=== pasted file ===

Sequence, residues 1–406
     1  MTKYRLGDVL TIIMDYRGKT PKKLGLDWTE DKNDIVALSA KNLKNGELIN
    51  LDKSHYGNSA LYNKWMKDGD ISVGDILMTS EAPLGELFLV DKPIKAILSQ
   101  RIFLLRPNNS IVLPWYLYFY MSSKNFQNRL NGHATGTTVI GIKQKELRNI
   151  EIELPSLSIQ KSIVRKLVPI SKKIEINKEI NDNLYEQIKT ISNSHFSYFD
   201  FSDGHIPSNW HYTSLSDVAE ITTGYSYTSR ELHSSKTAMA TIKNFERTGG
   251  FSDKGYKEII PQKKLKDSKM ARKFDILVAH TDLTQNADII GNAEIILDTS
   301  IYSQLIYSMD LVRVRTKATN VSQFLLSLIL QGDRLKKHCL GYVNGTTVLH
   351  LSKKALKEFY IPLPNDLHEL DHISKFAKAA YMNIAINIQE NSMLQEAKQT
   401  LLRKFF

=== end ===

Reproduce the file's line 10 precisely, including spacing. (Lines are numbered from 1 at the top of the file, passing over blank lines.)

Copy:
   401  LLRKFF